The Comparison of Two Declarations Thomas Jefferson and Elizabeth Cady Stanton fought for what they believed; which was being free and equal from unjust rule or unjust laws. In the “Declaration of Independence” By Thomas Jefferson; Jefferson writes about his concerns about current Government ruled by the King of Great Britain in the United States and proceeds to list conflicts that many people face in the United States due to the King’s unjust treatment towards its citizens. In the end of the essay he persuades that the United States should separate from the rule of Great Britain. In another essay written like the “Declaration of Independence” comes the “Declaration of Sentiments and Resolutions” by Elizabeth Cady Stanton, in Stanton’s essay she writes about issues that women face towards unjust laws. These laws were to prohibit and limit a women’s rights due to the fact they are married to their spouse; an example of these laws was “denied... the facilities for obtaining a through education” (149) to clarify this quotation women weren’t allowed to receive an education due to being married.
“We must fight! I repeat it, sir, we must fight!” (Henry 103). This speech by Patrick Henry was delivered before the Revolutionary War in an effort to persuade the colonists to go to war immediately against Britain. Patrick Henry’s “Speech to the Virginia Convention” used logos as the most effective persuasive technique because it appealed to the reasoning of the colonists and questioned the British intentions. Henry used logic and common sense to persuade the colonists in his pre-Revolutionary War speech.
Colonial America is facing struggles from within and from the British, but are still trying to maintain neutrality. However, Patrick Henry believes in otherwise and being fed up with British actions against the colonies, expresses his thoughts in his “Speech in the Virginia Convention.” Henry is biased since he is an American and sees the British as the enemy, but this is also in a time where tensions between colonial America and Britain are rising as the colonists revolt. Patrick Henry utilizes rhetorical strategies such as rhetorical questions, antithesis, and parallelism to bring forth claims that they must go to war against Britain since all the possible ways to try to prevent war have been exhausted and ineffective. Moreover, he makes the audience believe that America must go to war against Britain and nothing else will work to prevent it, by using rhetorical questions. Henry wants to know why “…force must be called in to win back our love?” (Henry).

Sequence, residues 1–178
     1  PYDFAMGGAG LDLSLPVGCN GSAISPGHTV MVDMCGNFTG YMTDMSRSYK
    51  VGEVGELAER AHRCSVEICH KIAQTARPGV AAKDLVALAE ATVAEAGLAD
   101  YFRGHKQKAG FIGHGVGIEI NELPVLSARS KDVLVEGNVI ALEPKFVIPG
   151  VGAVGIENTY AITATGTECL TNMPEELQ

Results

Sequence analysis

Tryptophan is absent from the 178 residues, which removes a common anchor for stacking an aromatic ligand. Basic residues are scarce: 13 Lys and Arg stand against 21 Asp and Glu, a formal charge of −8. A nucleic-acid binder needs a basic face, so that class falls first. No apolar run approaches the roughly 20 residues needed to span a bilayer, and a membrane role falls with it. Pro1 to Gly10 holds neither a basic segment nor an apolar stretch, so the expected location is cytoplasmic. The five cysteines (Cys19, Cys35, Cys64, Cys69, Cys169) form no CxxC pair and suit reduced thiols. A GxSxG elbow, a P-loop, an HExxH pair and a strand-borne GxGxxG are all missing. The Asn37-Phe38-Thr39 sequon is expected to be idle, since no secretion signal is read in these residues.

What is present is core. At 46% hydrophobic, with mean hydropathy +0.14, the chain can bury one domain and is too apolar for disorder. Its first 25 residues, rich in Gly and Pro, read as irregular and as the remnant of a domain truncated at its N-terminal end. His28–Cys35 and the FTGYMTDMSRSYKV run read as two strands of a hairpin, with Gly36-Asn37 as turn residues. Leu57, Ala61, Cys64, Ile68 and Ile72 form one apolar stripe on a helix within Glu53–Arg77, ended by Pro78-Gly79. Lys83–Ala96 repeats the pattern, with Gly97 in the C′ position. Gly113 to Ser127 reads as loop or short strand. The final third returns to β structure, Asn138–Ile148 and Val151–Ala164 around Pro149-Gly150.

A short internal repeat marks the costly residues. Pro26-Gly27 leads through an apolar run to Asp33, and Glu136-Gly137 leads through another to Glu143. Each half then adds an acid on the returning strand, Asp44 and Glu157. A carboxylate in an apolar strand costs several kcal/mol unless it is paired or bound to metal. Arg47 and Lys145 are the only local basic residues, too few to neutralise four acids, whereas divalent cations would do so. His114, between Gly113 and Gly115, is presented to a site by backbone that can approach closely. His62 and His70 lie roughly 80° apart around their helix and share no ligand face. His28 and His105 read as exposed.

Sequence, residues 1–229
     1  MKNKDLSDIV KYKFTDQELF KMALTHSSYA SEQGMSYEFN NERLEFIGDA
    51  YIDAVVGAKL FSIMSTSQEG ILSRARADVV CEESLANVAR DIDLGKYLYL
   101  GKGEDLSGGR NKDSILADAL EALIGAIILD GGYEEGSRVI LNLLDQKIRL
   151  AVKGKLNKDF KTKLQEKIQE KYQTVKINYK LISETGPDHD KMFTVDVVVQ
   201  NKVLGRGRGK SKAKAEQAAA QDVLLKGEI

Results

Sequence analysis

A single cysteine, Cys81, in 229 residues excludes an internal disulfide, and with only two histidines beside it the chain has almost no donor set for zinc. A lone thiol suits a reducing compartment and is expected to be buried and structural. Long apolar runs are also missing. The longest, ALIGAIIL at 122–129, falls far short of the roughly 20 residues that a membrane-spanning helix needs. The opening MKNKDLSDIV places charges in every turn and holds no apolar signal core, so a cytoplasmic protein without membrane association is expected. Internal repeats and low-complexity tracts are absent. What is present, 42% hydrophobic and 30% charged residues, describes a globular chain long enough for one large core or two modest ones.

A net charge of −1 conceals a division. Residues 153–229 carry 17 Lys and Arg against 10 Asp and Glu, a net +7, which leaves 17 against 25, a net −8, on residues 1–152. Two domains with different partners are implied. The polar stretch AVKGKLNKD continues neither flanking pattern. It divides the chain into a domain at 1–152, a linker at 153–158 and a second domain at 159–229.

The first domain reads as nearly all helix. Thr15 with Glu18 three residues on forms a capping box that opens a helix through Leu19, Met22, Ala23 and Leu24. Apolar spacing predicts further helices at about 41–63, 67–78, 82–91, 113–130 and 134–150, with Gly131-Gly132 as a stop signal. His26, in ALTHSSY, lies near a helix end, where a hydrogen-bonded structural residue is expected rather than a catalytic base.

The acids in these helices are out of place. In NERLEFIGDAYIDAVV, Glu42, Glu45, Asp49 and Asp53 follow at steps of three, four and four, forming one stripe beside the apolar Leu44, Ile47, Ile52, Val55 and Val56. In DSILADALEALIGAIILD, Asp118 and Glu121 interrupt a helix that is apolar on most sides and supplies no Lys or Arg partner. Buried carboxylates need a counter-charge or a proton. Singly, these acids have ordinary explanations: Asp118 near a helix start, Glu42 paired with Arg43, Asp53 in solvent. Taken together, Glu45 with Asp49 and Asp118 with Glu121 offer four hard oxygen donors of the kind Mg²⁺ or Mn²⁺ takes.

In the historical document "The Declaration of Independence," Thomas Jefferson highlights the unalienable rights of people as he declares independence from the British. He writes to King George and his parliament in order to clarify the reasons why the colonies were breaking away from Great Britain. Jefferson justifies that if the thirteen colonies were to stay under British government they would suffer from their abuses and they are declaring independence from their vile laws. He supports this claim by alluding to God 's natural laws given to men, using anaphoras, and appealing to the reader 's emotions. To open his argument, Jefferson uses allusions to the natural laws and a few Enlightenment ideas.